Tuesday, September 26, 2017

I write in Vatican Insider: "Does Amoris Laetitia 303 Really Undermine Catholic Moral Teaching?"

Today, La Stampa's Vatican Insider features an article I wrote with Sacred Heart Major Seminary Professor Robert Fastiggi: "Does Amoris Laetitia 303 Really Undermine Catholic Moral Teaching?"

The article begins:
Although most Catholic bishops, pastors, and teachers commenting publicly on Pope Francis’s post-synodal apostolic exhortation Amoris laetitia have welcomed it, a small but persistent chorus of critics accuse the Holy Father of obscuring and even undermining the foundations of Catholic moral doctrine. In this article, we show that one contested passage in the document, when read in its original Latin, has a significantly different meaning than it does in the official English translation. We argue further that many of the critics of Amoris laetitia are basing their criticism precisely upon what the Latin text does not say.
Read the rest at Vatican Insider.

Update, 9/29/17: E. Christian Brugger has issued a response to Fastiggi's and my article. Here is a reply to Brugger that Fastiggi posted in the comments section of Brugger's article (an expanded version of the statement I posted here earlier):
Dr. Dawn Eden Goldstein and I are grateful to Prof. Brugger for his reply and his tone of civility. We are glad that he finds our translation "superior." The flaw in his analysis is his claim that the "quod" is clearly referring back to "statum quendam." This does not seem to follow from the Latin. The "quod" refers to to the "liberale responsum" (generous response) and not to the "statum quendam" (given situation). This is made clear from the copulative verb, "sit," which links "quod" to "responsum." Furthermore, a "response" involves an act of the will, but a "given situation" is a condition and not a personal act. We believe Professors Brugger and Seifert are reading into the text what they think Pope Francis is saying, but their reading does not seem to follow from the text itself.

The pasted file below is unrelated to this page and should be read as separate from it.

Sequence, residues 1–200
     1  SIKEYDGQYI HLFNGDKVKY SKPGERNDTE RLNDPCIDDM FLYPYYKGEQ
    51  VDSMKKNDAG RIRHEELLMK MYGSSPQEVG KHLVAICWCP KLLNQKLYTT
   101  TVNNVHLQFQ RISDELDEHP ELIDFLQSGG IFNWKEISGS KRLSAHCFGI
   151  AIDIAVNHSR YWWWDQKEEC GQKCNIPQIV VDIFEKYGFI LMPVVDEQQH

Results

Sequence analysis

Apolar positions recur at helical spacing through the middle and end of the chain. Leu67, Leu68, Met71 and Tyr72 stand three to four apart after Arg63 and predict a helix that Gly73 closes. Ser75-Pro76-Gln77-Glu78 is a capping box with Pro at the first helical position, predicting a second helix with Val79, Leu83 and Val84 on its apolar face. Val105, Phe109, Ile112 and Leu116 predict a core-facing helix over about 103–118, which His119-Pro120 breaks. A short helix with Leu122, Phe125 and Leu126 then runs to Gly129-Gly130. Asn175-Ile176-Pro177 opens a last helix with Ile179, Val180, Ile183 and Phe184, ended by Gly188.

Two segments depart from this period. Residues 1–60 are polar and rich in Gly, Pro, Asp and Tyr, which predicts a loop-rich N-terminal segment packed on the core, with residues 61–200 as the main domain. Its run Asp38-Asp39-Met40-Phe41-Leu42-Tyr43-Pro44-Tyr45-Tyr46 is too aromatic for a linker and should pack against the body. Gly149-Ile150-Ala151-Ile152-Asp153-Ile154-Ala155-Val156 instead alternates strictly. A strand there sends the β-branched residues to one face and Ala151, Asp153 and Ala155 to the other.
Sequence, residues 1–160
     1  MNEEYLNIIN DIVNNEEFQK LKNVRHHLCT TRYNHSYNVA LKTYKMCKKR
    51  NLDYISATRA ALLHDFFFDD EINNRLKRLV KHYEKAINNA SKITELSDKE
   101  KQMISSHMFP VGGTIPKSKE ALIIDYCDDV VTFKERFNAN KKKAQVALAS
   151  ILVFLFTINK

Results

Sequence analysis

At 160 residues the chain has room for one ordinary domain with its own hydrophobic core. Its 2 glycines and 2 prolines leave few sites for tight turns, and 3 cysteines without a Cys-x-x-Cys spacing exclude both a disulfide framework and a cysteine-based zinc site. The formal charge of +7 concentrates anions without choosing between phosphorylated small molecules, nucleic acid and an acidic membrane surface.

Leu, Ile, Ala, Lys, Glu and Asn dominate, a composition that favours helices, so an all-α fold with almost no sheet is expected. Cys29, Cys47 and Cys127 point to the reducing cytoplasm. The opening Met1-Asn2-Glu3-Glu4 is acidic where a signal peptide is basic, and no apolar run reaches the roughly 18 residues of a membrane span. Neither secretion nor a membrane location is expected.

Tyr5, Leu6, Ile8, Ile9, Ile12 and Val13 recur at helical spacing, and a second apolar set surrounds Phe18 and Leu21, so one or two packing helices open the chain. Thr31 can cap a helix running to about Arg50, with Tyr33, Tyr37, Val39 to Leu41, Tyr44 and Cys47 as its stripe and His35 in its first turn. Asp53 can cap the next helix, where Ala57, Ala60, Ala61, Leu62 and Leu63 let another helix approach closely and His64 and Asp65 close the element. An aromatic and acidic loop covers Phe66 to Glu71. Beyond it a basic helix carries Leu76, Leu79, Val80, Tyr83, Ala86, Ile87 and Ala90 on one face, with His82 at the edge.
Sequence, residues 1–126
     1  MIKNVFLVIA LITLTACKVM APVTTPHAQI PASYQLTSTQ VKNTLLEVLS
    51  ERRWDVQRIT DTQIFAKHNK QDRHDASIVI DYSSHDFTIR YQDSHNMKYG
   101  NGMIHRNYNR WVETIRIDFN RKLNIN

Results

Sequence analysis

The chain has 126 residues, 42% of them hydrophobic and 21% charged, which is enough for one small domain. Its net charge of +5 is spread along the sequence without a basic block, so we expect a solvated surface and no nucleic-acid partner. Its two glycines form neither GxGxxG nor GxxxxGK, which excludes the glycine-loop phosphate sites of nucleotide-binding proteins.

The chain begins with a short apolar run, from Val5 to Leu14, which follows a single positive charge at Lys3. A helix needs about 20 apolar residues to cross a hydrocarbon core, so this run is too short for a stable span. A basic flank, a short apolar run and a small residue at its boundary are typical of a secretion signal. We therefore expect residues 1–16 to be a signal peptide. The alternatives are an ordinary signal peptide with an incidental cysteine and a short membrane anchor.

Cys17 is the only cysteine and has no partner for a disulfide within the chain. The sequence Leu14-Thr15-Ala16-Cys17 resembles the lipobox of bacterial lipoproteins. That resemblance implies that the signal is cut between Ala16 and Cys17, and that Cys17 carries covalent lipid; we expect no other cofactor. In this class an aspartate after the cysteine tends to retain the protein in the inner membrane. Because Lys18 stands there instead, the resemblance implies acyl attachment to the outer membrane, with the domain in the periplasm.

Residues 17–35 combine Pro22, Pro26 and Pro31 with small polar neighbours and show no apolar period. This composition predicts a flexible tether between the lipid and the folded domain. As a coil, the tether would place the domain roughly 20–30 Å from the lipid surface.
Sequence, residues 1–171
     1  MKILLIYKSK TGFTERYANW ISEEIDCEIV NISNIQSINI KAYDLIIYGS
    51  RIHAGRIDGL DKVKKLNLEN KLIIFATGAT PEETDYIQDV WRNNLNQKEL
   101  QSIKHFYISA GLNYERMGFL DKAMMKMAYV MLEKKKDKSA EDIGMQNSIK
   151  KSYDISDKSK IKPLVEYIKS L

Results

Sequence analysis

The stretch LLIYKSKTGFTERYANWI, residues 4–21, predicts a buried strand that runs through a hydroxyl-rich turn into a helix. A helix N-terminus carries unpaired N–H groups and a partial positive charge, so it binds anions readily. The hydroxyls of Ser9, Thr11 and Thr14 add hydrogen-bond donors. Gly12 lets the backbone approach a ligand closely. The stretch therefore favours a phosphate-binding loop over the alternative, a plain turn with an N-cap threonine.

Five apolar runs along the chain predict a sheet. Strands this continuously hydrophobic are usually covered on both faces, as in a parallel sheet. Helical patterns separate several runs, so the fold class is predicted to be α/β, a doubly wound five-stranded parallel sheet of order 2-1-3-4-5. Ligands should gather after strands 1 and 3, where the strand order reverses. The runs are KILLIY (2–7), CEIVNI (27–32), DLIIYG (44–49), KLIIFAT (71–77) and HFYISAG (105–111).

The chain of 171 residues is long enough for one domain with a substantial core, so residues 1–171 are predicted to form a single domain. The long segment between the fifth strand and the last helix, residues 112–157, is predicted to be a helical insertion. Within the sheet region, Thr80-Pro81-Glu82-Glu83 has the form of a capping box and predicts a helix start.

We should also note that even the English translation posted on the Vatican website (which preceded the Latin posting) can be read in a more benign way than Professors Brugger and Seifert claim. The Latin text, which is now in the Acta Apostolicae Sedis, should be considered normative, and it makes more clear the Holy Father's meaning, a meaning which we explained in our article.